[GW2] Guild Score

ArenaNet has called guilds in to question. Not all guilds. The very active, very big guilds are having no issues plowing right ahead to unlocking all the mission types at the pace of a few months (or less!). It’s the small guilds that are having problems. It’s the small guilds that feel threatened. It’s the small guilds that are now forced to reflect on whether their community actually reflects ArenaNet’s mechanical definition of a guild.

So what is a guild? Well I would say Guild Wars 2 has two definitions. The first is the objective definition, where players can open the “G”uild menu and click “Create Guild”. Voila, a new guild is born. Yet this is the lowest common denominator of a guild. The subjective definition is whether the guild contains activity to generate Influence, the guild resource, to reasonably progress along ArenaNet’s guild progression track.

Guild Self-Evaluation Question #1: Is your guild a mechanical construct or an active, social hub? This is not a trick question. Yet, I feel ArenaNet’s guild mission system has thrown that question directly at each guild. I am sick of hearing “my # guild” with regard to guild mission discussion because in Guild Wars 2, it is irrelevant how many members are in the guild. Are those members actively representing the guild? Do those members play together? If the only reason for the guild is a chat channel with extra banking, that is a mechanical construct. The guild progression system in Guild Wars 2 does not reward the lowest definition of a guild. ArenaNet has created costs that only a guild with meaningful participation can afford.

There are two costs involved in unlocking the content of guild missions. The first is Influence, the guild resource that is generated based on guild activity. It’s a simple system, with little in-game explanation, where the more a guild plays together the more Influence per time is earned. This first cost is based on long term participation. I feel any small guild with active, guild-grouping participation can realistically unlock the guild missions. It will take effort, focus, personal wealth, and time, but I still feel it is reasonable. The second cost is the short term participation of beating the guild missions to get Guild Merits.

It is the second cost that will make or break guilds. Guild Self-Evaluation Question #2: Does your guild have the manpower to take down a Tier 1 Guild Bounty? It is the Guild Wars 2 version of a raid’s DPS meter. Without alliances and better communication tools than the ones in game (Ventrilo, RaidCall, etc.) a small active guild is, in my opinion, going to have trouble with the very first Tier 1 Guild Bounty.

A Tier 1 Guild Bounty involves taking down two champion-level targets hidden across Tyria. Dulfy, epic guide master, has rallied her community to create a fantastic guide to seeking out these targets. The in-game information hints that Short-Fuse Felix is in Diessa Plateau, and his pathing takes him all over the zone. Take two entire zones with two champion bounties, a small active guild, and a time limit of 15 minutes, and I feel that it is going to be a great challenge to beat a Tier 1 Guild Bounty. Rallying the countryside for added power is simply not something to rely on in the short time limit, especially since all non-guild members get is a basic event completion.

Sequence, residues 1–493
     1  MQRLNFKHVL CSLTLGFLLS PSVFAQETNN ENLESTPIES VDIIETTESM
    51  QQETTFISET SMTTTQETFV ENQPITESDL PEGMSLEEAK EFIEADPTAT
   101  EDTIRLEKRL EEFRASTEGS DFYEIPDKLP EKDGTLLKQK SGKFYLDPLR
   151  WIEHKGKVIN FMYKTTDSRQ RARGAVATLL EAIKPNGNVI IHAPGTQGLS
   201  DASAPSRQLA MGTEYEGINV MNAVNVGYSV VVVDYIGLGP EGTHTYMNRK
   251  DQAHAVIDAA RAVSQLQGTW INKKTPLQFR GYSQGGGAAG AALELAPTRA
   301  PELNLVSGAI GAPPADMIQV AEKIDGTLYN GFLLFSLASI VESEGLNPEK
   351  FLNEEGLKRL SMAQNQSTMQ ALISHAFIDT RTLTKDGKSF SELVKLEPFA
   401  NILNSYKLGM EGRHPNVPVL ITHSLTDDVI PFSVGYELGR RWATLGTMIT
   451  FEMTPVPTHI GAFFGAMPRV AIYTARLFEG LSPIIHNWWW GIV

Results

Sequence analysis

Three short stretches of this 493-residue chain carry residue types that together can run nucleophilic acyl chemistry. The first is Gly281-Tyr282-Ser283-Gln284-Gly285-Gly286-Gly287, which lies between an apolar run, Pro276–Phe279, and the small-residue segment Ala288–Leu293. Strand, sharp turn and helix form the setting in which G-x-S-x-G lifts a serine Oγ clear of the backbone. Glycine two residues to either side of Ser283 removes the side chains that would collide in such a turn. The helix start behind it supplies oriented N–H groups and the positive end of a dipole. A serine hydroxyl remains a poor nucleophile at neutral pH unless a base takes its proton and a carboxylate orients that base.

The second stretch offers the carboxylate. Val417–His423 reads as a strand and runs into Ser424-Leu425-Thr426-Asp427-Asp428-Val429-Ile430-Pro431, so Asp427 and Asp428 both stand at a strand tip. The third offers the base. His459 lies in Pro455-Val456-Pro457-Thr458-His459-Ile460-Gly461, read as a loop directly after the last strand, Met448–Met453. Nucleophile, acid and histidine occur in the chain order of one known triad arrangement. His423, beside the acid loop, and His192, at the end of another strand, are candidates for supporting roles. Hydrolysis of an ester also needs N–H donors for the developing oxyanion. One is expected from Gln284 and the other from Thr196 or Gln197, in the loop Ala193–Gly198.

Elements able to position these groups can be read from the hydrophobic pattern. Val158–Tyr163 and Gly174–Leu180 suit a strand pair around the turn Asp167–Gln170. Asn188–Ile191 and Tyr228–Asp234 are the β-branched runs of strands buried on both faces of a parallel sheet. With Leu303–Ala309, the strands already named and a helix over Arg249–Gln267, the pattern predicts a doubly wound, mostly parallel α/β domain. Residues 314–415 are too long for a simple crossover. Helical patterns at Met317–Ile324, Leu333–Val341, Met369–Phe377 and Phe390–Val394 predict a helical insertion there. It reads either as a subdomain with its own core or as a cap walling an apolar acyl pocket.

This is where I feel that the argued “tight-knit” guild is going to get called in to question, and this is where I hope ArenaNet iterates on their guild mission system. Beating a Tier 1 Guild Bounty twice is the bar to unlocking any other guild missions. The Tier 1 Guild Treks, which are the next guild mission in line, seem easily completed by a small, active guild (find 5 locations in 20 minutes). I am actually surprised that the Guild Treks and Guild Bounties weren’t flip-flopped in the progression. I guess Guild Bounties do seem more exciting and give Guild Commendations (another personal resource), but Guild Treks still require some modicum of communication. There would’ve still been a bar, albeit smaller, in starting out guild missions with Guild Treks.

Psychochild commented on this distinction already. Small guilds that pass Guild Self-Evaluation Question #1, and are therefore healthy to the game and server, but do not pass Guild Self-Evaluation Question #2 are going to feel slighted. I feel that for Guild Bounties, the entry level to all guild missions, should have had a less intense Tier 1. Perhaps it is just a worthy challenge in ArenaNet’s eyes.

Regardless, the last big update in Guild Wars 2 turned The Eye every single guild. ArenaNet in a way put an objective number to what was otherwise a very subjective ideal: the health of a guild. Going forward, every guild now has a score that is going to be referred to in recruitment, alliance making, and retention. In a way this might be good because it gets active players looking for active guilds. It just hurts a little too.

–Ravious

13 thoughts on “[GW2] Guild Score

  1. bhagpuss

    I think people over-romanticize guilds. Over the years I’ve been in a good few, from tiny ones to middle-sized (around 75-100 members). Only a handful have had any real “family” feeling and all of those have been very small. With more than a handful of members guilds seem either to lose coherency and focus and fracture or become the enabling system for a small elite. Nowadays I avoid them as being more trouble than they’re worth.

    I have little interest at all in any of the new guild functions in any case. I can’t see that they add much, if any value to any of the aspects of the game that interest me. What they mostly appear to be is another set of top-down control levers designed to direct player activity in certain directions and, of course, to increase customer dependence on the product (you could say loyalty if you wanted to put a more positive spin on it).

    As evidenced by the current fetish for Big Event Boss Chests (and I hold my hand up there – that’s a lever that’s worked on me), players will tend to flock to anything that benefits their characters materially regardless of other factors, and they will attempt to game any system to their best advantage.

    I’m not following how the guild event mechanic is shaking out but I’m certain it will follow the same pattern as all such additions to MMOs always do; if it’s deemed to bring a desirable advantage to the character it will be gamed heavily to milk that for all it’s worth. If it’s seen as not worth the effort it will be shunned and soon forgotten.